Politics & Media
Feb 07, 2024, 06:27AM

The Chosen Liberals

You’re allowed to do nuance, if you’re on the left.

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I’ll write about Jews, Canadians, women, and blacks, respectively, over the coming four weeks of Black History Month, as a way of honoring multiple often-marginalized groups, meaning no disrespect to others. But the prize for “most improved,” if they gave one to previously-vilified senators, would have to go to hulking, speech-impaired John Fetterman, and I don’t mean because of his improving syntax.

Who could’ve foreseen that the horrific Hamas-Israel conflict would bring out steely, party-bucking resolve in this politician, who for so long was talked about as if he were a mere pitiable charity case by both his Democratic colleagues and Republican detractors?

The man who it seemed might be elected only because liberals needed a warm non-Republican body from Pennsylvania in his seat in DC—and as a result didn’t care how badly garbled or brain-damage-evincing his sentences seemed—now hoists the Israeli flag in defiance of both the majority sentiment in his party and the anger of pro-Palestinian protestors outside his home, who chant that he endorses “genocide” but likely are forgiving of Hamas themselves. (Hey, man, it’s four months since organized Palestinian terror attacks killed over a thousand Israelis, so isn’t it time to let bygones be bygones, etc.)

Reasonable people can disagree about Fetterman’s surprising support for Israel, U.S. border security, pot legalization, and more, but you can’t deny he’s willing to stick his neck out and deviate from the herd—not to mention willing to confront corrupt New Jersey Sen. Bob Menendez.

Meanwhile, at my old school, Brown University, the Israel-Hamas conflict lately takes the form of a big hunger strike aimed at getting the institution to divest from and boycott Israel. Brown’s even more progressive/left than the Democratic Party—and now of all times just happens to have sent out a fundraising mass e-mail focused on a charismatic Muslim student, lest you think they’ve forgotten the “out” group as they encourage generosity in their sometimes-masochistic, easily guilt-tripped liberal alums.

But Brown is also about one-third Jewish, so I suspect those hunger-striking students will get pretty hungry indeed waiting for the place to cut ties with Israel. Might the strikers accept halal food as a sort of moderate temporary solution? I’m just thinking out loud here. (Regardless, I hope the place will never again suffer violence like the recent, apparently bigotry-motivated murder of a Muslim student.)

I’m hardly surprised or upset that a liberal political party or a liberal college are riven by differing perspectives on conflict in Israel. (Recent sparring on the topic between two people talked about as long-shot contenders for the Libertarian Party presidential nomination, Dave Smith and RFK Jr., is a reminder that my own political faction can’t quite make up its mind on the topic either.) I must say I’m a little irked—though this is a trifling concern compared to a potential third world war—by the fact that liberals are allowed to be at odds with each other on such a topic without often being accused of being closet Nazis.

By contrast, try taking an unpopular and radical position on Israel or Palestinians—in any direction—if you’re a conservative and see whether you get a generous listen. See whether your motives are assumed to be good.

If you’re Biden, you can praise Israel one day and condemn Israeli settlements the next, and the liberal establishment will still talk about you as if you’re gradually triangulating your way toward permanent global peace. But if you’re, oh, say, Donald Trump—not that I’m suggesting he’s great—you can have a Jewish grandson and move the U.S. embassy to Jerusalem and progressives will still pretend they fear you’re going to herd all the non-Christians into internment camps any day now. One election away from a thousand years of undemocratic darkness, etc., etc.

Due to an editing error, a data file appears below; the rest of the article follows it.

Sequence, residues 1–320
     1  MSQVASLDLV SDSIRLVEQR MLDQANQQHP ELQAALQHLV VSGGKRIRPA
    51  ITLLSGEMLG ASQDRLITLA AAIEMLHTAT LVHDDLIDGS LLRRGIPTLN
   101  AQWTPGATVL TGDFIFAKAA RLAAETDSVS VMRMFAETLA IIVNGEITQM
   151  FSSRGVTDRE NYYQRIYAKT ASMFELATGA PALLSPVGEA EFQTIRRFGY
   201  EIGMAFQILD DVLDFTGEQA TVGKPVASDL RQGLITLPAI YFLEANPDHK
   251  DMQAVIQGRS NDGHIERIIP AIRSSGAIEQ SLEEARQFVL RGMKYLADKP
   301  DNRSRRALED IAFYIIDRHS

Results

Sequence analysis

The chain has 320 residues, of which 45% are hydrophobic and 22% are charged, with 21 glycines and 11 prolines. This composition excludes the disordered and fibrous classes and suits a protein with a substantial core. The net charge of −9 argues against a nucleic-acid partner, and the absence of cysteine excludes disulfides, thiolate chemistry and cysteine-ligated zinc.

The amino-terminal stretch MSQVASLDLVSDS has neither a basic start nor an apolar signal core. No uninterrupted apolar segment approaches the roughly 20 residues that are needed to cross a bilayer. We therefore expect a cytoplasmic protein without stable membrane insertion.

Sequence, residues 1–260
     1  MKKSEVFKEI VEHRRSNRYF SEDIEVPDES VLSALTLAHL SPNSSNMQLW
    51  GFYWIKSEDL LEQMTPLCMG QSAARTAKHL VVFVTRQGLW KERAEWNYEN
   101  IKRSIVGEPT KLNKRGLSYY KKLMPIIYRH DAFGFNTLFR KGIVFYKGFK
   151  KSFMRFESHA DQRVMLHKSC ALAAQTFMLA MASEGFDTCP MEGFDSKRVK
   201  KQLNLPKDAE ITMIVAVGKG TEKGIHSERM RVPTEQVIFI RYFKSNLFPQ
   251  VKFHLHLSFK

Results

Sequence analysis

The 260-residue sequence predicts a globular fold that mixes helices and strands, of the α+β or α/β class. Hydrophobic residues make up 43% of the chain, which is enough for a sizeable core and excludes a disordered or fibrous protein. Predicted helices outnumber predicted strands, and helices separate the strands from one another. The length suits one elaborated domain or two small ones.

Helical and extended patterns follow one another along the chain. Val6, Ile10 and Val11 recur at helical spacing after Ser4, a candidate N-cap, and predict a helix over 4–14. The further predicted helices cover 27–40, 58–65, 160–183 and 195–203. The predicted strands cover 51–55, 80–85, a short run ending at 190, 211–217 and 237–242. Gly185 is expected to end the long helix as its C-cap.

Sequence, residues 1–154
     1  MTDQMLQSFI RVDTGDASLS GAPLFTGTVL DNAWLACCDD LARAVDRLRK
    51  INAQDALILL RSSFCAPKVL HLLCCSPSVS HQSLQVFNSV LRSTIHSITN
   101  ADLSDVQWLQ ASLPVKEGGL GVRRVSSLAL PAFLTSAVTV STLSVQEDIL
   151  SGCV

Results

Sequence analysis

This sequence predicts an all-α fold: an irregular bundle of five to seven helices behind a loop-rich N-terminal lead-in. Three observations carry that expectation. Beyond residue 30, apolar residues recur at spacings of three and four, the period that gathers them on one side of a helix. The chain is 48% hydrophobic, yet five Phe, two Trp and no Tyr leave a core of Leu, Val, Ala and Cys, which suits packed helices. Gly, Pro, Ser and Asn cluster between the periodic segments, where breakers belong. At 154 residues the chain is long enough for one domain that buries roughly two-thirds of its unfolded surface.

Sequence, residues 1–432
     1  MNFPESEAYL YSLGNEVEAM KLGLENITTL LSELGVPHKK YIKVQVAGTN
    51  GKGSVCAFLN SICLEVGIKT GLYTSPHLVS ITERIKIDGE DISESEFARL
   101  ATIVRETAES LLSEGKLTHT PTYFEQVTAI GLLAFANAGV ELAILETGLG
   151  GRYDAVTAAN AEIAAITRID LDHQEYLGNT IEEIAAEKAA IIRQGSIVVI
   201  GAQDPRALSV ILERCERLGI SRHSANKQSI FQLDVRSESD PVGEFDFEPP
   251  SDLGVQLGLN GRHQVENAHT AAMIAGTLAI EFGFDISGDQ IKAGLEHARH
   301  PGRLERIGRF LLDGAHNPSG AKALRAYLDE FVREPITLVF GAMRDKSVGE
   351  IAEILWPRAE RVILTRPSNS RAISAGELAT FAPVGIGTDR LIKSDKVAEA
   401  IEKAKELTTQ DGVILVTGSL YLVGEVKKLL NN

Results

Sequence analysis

Given how much liberals have learned to change their positions on a dime for political advantage over the past eight years, including on matters of warfare (once ostensibly viewed as bad by the left), I suppose the logical culmination of their current thinking would be an all-out, multi-directional Middle East war, with extra bombs directed at Iran, combined with constant assurances that they’re doing far more for peace than those heartless Republicans ever would. The public tends to rally behind wartime presidents, so the Biden people must surely be crunching the numbers by now to see if the voters they lose on the left by being gung-ho pro-Israel are offset by the “moderates” they pick up by being manly warriors.

But then, even if that cynical strategy works, we shouldn’t pity the Republican Party too much, since it has itself rarely hesitated to use war as a way to boost its popularity, even when the wars themselves don’t work out so well. Trump, to his credit—and unlike many in his own party—is reportedly genuinely alarmed by how much most Washingtonians in both parties love war and the constant stream of would-be advisors telling him where the U.S. should bomb next.

Yet if Trump gets back into office and so much as looks sideways at exorbitant military budgets, he’ll probably be accused of being motivated by anti-Semitism and indifference to Israel. The left, though, can basically do whatever it wants and then give itself Nobel Peace Prizes and thanks on behalf of all humanity for, well, supposedly at least trying to heal divisions and to prevent World War III, no matter how many times the rubble ends up bouncing. Fingers crossed.

Todd Seavey is the author of Libertarianism for Beginners and is on X at @ToddSeavey


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